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It would seem obvious regardless of an airline's nationality, ideology, point of destination or point of departure, that being suspended for not adhering to aviation regulations is a pretty big deal.

Moreover the Malaysian Government has announced a three-month suspension while they conduct a “safety audit” of the carrier.


The announcement came from Azharuddin Abdul Rahman, director-general of the Department of Civil Aviation, saying, "Rayani Air has been suspended for three months, they contravened civil aviation regulations," declining to elaborate further.

However, Transport Minister Liow Tiong Lai tweeted on Saturday that the Department of Civil Aviation (DCA) would conduct a safety audit before allowing the airline to fly again, stating; "DCA will undertake a full administration and safety audit to determine if Rayani is 'fit' for AOC (aviation operating certificate) after serving provisional suspension."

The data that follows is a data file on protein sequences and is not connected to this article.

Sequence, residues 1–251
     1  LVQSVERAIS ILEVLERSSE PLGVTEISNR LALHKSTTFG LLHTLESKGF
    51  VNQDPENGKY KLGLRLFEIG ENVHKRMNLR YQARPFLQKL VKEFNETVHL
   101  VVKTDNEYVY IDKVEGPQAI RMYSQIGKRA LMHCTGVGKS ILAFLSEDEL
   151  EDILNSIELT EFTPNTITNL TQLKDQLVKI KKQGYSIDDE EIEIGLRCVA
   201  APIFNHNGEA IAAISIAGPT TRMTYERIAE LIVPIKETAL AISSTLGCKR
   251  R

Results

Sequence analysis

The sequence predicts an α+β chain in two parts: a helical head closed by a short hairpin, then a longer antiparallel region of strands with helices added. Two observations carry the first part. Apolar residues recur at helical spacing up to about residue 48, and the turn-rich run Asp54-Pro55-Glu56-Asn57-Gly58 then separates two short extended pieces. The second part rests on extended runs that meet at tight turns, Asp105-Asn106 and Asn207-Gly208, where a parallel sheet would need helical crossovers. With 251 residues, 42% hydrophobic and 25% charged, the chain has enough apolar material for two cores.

Liow also expressed disappointment at Rayani's conduct despite previous warnings over "poor procedures and service level."

The fact that this is Malaysia’s first “Sharia”-compliant airline, may have something to do with the suspension, in that the Muslim crew must wear the hijab while non-Muslim crew are forbidden from wearing revealing clothing on board the airline, which launched last December. In-flight meals are completely halal and alcohol consumption is strictly banned.

In recent weeks, however, the carrier had drawn increasing criticism from passengers and the government due to last-minute delays and cancellations.

However a much wider issue than the temporary suspension is the barbaric ideology itself and the attempted legitimizing of Sharia Law, and whether international aviation regulations and laws are compatible with this radical ideology that condones both stoning and honor killings as a legal form of punishment, not to mention serious security issues of those employees adhering to this radical ideology.

The suspension comes two years after Malaysia faced twin aviation disasters.

Malaysia Airlines flight MH17 was shot down in July 2014 over rebel-held eastern Ukraine in a missile strike, killing all 298 people on board, and of course the infamous flight MH370 that vanished over the Indian Ocean carrying 239 passengers and crew, which crashed in March 2015.



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